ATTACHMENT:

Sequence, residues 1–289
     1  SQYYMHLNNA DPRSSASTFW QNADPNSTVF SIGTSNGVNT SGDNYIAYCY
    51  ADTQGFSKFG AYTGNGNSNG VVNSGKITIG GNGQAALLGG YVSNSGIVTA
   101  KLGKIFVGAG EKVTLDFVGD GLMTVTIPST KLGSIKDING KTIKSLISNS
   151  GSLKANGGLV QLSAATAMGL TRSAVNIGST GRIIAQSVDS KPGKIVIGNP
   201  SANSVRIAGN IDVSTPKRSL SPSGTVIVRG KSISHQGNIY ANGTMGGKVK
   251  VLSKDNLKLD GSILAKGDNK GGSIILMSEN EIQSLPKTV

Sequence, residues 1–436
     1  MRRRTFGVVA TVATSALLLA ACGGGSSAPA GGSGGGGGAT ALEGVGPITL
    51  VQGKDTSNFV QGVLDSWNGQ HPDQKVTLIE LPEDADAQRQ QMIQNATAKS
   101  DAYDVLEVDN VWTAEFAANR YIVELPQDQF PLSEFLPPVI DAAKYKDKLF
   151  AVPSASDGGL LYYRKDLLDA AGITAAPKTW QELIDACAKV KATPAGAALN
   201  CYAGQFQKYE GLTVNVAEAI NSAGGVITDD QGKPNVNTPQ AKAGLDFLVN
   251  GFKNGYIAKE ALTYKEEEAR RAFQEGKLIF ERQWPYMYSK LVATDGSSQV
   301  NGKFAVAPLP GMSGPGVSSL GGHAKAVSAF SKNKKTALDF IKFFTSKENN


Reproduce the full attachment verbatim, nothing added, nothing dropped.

Sequence, residues 1–289
     1  SQYYMHLNNA DPRSSASTFW QNADPNSTVF SIGTSNGVNT SGDNYIAYCY
    51  ADTQGFSKFG AYTGNGNSNG VVNSGKITIG GNGQAALLGG YVSNSGIVTA
   101  KLGKIFVGAG EKVTLDFVGD GLMTVTIPST KLGSIKDING KTIKSLISNS
   151  GSLKANGGLV QLSAATAMGL TRSAVNIGST GRIIAQSVDS KPGKIVIGNP
   201  SANSVRIAGN IDVSTPKRSL SPSGTVIVRG KSISHQGNIY ANGTMGGKVK
   251  VLSKDNLKLD GSILAKGDNK GGSIILMSEN EIQSLPKTV

Sequence, residues 1–436
     1  MRRRTFGVVA TVATSALLLA ACGGGSSAPA GGSGGGGGAT ALEGVGPITL
    51  VQGKDTSNFV QGVLDSWNGQ HPDQKVTLIE LPEDADAQRQ QMIQNATAKS
   101  DAYDVLEVDN VWTAEFAANR YIVELPQDQF PLSEFLPPVI DAAKYKDKLF
   151  AVPSASDGGL LYYRKDLLDA AGITAAPKTW QELIDACAKV KATPAGAALN
   201  CYAGQFQKYE GLTVNVAEAI NSAGGVITDD QGKPNVNTPQ AKAGLDFLVN
   251  GFKNGYIAKE ALTYKEEEAR RAFQEGKLIF ERQWPYMYSK LVATDGSSQV
   301  NGKFAVAPLP GMSGPGVSSL GGHAKAVSAF SKNKKTALDF IKFFTSKENN